Return to Sender: House Postal Reform Bill Gives Handouts to the USPS on the Backs of Consumers

David Williams

June 27, 2016

Washington, D.C. – House Government Oversight Committee Chairman, Jason Chaffetz and the committee’s Ranking Member, Elijah Cummings, introduced a congressional discussion draft for postal reform legislation last Wednesday. Following $56.8 billion in financial losses since 2007 and $125 billion in unfunded liabilities, the proposed legislation is intended to provide financial relief for the financially troubled agency.

Below is a statement from David Williams, President of the Taxpayers Protection Alliance about the proposed legislation:

“The Postal Service Reform Act of 2016, as introduced, amounts to nothing more than window dressing for reform and a handout for the United States Postal Service (USPS) at the expense of postal customers and taxpayers. In light of USPS’s increasing financial troubles, the Committee’s bill unfortunately does not include the structural reforms necessary to put the organization on a path towards financial sustainability. Without such structural reform, this legislation serves as nothing more than a handout to the troubled agency.

Following the USPS’s regulator’s denial of an extension of the exigent surcharge (temporary 2 cent increase for first class mail), the U.S. Court of Appeals ruling that the temporary exigent surcharge cannot be extended, the proposed legislation counters decisions by both entities with jurisdiction and extends the surcharge in perpetuity. This is an increase on monopoly products like stamps, which is already one of the U.S. Postal Service’s most profitable products, covering costs at greater than 200 percent. Raising rates on the profitable part of the USPS to make up for shortfalls in other areas, is a blatant attempt at cross subsidization.  The bill would set the agency on the wrong path by raising rates unnecessarily on consumers while offering little to improve the standards of service that are in rapid decline.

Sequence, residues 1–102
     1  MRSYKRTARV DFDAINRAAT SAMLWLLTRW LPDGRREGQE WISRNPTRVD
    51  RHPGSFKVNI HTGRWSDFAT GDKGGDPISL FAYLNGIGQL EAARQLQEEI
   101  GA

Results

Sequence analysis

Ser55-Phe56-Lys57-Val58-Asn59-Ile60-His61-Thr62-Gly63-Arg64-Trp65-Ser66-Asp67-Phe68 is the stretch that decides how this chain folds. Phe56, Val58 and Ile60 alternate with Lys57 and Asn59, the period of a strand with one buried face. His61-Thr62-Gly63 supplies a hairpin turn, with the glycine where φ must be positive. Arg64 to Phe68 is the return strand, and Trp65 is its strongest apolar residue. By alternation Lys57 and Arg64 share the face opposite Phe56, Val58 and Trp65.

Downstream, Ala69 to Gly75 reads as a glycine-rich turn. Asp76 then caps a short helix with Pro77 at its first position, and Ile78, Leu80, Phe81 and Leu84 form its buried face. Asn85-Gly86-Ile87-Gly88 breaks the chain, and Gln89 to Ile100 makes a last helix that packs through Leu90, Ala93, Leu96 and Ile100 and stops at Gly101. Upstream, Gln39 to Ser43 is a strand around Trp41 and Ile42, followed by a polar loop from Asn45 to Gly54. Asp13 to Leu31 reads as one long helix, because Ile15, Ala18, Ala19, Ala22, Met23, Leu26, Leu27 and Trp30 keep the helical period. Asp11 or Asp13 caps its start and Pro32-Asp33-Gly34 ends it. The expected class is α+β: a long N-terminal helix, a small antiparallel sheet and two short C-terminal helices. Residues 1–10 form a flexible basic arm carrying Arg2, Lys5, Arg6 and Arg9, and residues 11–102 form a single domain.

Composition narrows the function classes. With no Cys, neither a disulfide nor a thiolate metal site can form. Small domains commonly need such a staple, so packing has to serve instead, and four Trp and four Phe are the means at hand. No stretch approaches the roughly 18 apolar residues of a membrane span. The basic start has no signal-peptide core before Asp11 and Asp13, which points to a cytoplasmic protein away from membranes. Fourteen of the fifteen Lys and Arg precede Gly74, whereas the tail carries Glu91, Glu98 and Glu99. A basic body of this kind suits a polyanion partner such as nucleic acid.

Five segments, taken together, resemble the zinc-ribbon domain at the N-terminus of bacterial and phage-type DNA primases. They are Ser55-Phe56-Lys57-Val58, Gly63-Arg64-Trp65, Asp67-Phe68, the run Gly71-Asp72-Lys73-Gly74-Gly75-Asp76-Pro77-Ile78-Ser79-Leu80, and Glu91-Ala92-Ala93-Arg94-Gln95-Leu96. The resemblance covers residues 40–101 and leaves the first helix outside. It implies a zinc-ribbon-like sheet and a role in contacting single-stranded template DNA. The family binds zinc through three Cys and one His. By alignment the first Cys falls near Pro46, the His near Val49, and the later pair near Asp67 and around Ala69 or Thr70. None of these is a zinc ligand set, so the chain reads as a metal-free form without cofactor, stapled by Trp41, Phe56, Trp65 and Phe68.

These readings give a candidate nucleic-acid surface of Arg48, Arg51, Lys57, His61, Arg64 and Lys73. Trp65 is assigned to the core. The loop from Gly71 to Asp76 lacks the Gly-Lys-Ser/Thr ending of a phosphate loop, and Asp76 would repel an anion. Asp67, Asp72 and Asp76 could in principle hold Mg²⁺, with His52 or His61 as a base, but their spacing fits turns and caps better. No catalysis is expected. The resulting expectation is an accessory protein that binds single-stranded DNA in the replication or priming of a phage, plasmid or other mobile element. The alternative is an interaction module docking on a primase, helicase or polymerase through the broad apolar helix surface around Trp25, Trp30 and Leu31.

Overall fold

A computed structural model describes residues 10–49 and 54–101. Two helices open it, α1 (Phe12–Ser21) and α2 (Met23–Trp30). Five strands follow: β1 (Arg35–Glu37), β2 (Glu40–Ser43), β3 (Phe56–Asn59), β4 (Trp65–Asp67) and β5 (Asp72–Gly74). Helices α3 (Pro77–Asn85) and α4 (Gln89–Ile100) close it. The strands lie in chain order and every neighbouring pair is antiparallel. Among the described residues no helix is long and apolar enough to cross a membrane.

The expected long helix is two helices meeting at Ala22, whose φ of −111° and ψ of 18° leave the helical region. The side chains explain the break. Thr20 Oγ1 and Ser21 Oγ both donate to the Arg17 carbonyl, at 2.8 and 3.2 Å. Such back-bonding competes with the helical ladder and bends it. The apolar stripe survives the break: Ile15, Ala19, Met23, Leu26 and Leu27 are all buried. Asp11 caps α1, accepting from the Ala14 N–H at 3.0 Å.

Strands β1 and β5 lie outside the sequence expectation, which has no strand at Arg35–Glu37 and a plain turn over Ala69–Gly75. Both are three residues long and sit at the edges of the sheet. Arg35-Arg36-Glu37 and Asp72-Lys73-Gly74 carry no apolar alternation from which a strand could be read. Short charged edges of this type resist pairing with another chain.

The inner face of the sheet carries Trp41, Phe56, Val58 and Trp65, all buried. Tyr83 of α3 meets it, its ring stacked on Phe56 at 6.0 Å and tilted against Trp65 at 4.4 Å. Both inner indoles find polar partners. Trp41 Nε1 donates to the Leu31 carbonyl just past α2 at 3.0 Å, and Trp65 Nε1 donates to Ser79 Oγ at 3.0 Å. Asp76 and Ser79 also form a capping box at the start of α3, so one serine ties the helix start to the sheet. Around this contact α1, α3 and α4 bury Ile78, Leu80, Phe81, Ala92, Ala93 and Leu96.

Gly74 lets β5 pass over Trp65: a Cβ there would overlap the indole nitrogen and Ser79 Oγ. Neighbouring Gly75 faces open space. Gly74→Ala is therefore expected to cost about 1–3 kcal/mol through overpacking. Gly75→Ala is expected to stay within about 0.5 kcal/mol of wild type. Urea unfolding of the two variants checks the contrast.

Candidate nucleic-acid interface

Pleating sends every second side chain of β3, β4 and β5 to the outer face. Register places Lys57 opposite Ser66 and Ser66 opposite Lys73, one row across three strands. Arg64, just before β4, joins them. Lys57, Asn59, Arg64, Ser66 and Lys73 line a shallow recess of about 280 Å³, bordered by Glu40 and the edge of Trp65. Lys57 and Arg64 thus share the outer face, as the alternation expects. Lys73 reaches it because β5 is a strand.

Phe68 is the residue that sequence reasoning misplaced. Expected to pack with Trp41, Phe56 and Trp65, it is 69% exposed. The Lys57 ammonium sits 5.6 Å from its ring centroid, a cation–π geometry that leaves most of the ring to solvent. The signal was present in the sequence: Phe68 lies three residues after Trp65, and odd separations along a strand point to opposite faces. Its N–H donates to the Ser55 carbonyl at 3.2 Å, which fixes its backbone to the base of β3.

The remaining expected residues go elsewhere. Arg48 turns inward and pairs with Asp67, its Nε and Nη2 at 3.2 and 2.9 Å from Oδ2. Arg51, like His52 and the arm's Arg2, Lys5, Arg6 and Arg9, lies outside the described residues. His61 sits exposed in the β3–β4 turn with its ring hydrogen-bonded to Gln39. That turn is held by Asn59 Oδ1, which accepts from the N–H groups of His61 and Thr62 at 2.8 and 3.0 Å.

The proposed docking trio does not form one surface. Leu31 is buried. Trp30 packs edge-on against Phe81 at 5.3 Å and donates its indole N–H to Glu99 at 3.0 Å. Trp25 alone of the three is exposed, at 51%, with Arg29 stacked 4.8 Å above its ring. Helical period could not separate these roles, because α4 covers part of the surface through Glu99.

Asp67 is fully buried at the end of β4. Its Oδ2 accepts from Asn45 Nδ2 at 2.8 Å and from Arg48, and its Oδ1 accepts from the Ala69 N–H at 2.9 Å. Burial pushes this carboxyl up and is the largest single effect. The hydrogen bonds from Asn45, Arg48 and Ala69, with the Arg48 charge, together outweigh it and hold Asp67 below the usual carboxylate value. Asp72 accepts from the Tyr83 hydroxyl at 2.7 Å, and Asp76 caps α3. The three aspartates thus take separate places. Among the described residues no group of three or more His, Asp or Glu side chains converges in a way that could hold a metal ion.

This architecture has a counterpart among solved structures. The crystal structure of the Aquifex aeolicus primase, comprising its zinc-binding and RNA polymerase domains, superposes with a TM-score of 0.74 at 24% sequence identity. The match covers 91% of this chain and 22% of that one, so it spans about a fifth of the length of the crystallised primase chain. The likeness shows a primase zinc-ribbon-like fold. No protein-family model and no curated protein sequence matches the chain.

In other aspects of the bill, the bill recommends adding a ‘Chief Innovation Officer’ who will likely push for more ill-advised, new services without any intention of generating sustainable profits to pay down debt. The USPS needs to take a long look at its competitive products and either start to adequately raise rates on money-losing services or make the tough decisions about whether it is prudent to continue those services at all.

This bill does nothing to strengthen the U.S. Postal Service’s business model. Conversely, it financially rewards the poor financial decisions the agency has enacted. With so many management troubles, partially due to the incomplete Board of Governors, the Postal Service’s deficiencies are sure to continue leaving its future further in doubt.

This bill rewards the ill-conceived path that has driven their financial troubles all at the expense of postal customers and taxpayers.

Overall, this bill falls way short of reform and the Oversight Committee needs to go back to the drawing board.”